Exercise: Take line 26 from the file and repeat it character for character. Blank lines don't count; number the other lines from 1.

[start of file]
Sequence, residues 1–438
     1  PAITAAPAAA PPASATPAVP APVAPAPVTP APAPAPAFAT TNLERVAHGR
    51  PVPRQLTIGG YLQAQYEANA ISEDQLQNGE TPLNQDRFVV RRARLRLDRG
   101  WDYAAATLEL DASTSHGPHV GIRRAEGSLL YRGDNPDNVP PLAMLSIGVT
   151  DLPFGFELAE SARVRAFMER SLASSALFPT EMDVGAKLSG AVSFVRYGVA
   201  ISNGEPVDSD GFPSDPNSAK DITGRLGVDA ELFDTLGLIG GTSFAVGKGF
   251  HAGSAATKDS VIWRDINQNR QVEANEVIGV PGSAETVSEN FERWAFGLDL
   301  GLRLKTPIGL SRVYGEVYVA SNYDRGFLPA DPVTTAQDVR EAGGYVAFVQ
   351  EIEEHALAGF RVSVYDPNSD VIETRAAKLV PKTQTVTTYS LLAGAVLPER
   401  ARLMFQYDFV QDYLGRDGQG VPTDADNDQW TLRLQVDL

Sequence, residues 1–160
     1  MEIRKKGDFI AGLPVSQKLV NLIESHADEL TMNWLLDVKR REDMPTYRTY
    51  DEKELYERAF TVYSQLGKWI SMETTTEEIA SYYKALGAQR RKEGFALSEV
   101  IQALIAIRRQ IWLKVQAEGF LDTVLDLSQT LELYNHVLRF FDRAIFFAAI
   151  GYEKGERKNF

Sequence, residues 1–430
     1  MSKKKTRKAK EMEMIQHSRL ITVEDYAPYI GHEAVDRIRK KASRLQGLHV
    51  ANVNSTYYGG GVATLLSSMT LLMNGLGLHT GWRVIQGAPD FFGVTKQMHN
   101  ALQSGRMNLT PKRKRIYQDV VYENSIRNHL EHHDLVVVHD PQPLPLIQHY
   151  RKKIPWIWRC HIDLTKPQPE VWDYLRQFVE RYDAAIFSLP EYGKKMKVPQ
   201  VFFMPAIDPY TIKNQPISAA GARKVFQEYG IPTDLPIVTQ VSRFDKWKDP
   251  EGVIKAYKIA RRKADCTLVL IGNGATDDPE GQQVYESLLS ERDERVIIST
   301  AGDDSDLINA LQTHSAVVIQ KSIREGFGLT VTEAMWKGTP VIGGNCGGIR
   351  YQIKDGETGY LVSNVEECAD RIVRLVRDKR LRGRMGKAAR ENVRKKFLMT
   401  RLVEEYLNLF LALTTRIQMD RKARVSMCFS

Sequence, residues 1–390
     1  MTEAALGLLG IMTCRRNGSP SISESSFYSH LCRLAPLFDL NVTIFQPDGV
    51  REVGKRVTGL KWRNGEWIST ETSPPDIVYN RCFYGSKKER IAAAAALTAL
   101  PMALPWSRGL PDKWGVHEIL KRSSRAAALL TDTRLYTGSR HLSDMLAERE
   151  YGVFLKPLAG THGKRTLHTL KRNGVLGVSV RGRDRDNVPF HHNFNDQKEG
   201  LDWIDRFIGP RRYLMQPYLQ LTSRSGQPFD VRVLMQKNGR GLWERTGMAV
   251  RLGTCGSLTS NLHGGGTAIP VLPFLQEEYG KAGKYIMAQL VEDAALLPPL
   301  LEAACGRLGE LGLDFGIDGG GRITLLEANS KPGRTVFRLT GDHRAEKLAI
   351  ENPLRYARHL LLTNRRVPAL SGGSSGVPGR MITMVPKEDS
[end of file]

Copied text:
Sequence, residues 1–390